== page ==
The Tulsa Fire Department will soon begin hiring 60 new fire fighters to replenish ranks overburdened in recent years by a combination of large-scale natural disasters, the COVID-19 pandemic and steady attrition.

Tulsa Local 176, working hand in hand with the IAFF, as well as key state and federal lawmakers, secured a $12 million Staffing for Adequate Fire and Emergency Response (SAFER) grant. SAFER grants, administered by the Federal Emergency Management Agency (FEMA), are designed to help fire departments maintain staffing levels.

Tulsa Local 176 President Matt Lay says the City of Tulsa expects to begin hiring the first of 60 new fire fighters in January 2022. In the past 18 months, the Tulsa Fire Department has lost approximately 70 fire fighters – mostly due to early and scheduled retirements.

Lay says the historic flooding of 2019 across Oklahoma, followed by the COVID-19 pandemic, has taken a heavy toll on fire fighters. Many are burned out amidst a hiring freeze during the pandemic that required many to work numerous overtime hours.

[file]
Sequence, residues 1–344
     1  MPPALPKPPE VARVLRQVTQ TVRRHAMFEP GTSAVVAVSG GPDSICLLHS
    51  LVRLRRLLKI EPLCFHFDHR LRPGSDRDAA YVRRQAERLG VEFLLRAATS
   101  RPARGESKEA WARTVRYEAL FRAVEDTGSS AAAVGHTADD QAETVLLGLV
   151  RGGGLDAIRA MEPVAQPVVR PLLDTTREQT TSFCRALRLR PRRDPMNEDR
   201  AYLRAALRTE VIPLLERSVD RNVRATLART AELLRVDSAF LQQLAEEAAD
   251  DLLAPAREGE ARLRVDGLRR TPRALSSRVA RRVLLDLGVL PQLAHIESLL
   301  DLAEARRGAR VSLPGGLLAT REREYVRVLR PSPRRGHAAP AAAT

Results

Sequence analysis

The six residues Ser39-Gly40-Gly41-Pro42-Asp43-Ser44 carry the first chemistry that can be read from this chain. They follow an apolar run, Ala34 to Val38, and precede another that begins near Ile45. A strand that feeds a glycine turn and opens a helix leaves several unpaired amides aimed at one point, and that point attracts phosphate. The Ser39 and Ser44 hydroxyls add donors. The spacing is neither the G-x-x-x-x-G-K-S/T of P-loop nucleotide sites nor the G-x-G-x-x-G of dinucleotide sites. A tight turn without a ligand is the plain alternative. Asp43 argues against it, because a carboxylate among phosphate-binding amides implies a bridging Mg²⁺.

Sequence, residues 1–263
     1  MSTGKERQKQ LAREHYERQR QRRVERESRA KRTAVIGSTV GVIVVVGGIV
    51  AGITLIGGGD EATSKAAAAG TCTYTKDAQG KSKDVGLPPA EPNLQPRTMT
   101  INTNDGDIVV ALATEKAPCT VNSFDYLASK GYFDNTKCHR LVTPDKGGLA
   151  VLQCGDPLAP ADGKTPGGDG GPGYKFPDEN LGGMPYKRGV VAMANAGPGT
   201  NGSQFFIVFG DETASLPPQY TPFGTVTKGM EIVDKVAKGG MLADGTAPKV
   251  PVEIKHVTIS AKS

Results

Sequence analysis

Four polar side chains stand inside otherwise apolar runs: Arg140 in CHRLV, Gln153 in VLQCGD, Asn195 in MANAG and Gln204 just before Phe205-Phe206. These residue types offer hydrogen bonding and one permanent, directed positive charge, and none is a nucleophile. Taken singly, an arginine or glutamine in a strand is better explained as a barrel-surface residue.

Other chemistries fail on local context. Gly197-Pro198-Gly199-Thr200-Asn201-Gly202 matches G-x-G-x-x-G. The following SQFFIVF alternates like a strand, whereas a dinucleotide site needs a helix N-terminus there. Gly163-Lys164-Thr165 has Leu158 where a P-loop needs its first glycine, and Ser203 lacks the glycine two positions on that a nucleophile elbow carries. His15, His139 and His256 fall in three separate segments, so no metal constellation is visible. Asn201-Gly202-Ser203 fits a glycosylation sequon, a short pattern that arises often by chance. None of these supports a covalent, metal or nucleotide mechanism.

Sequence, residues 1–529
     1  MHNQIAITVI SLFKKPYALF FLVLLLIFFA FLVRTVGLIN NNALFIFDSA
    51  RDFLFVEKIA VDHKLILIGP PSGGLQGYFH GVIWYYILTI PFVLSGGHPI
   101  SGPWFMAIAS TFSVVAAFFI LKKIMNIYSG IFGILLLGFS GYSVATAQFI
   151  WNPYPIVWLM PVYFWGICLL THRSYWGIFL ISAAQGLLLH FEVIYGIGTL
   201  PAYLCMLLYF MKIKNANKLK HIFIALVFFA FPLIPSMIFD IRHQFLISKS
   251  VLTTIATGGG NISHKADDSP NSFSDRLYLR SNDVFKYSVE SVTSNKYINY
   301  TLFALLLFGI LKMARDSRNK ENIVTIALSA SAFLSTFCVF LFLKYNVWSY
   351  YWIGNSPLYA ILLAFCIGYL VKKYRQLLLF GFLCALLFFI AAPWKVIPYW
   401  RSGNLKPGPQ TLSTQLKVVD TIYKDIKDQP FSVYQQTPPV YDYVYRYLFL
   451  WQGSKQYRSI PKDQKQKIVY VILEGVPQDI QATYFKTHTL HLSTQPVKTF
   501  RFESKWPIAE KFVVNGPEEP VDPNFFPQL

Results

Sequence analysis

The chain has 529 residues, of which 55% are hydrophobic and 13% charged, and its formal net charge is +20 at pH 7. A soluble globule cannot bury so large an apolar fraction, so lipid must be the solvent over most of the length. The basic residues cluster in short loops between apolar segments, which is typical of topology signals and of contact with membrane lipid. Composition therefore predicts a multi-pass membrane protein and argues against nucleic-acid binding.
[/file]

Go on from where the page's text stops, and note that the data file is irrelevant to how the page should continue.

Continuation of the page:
Tulsa fire fighters are often working double shifts almost every week just to keep stations open and trucks on the streets. Those extra shifts, coupled with fire fighters either sickened or quarantined with COVID-19, have sent many into retirement.

Lay says it’s important to educate city leaders and use all resources when applying for these grants. Key to this grant award was the support of the IAFF and 19-year Local 176 member Justin Banks.

“Like so many of our fire fighters, Banks is doing double and triple-duty to ensure that our members have the staffing and resources we need to do the job safely and serve our citizens each and every day,” Lay says.

Lawmakers at the federal level also provided support for the grant, making sure Tulsa’s fire stations were fully operational.

“The Tulsa Fire Department’s crucial role in public safety cannot be understated, and I was proud to lend my support for this grant,” says U.S. Representative Kevin Hern (R-OK).

U.S. Senator James Lankford (R-OK) also weighed in. “Our fire fighters and first responders in Tulsa and around the nation are our first line of defense for security, natural disasters and any other emergencies facing our communities. We need to be certain they are ready to face those challenges.”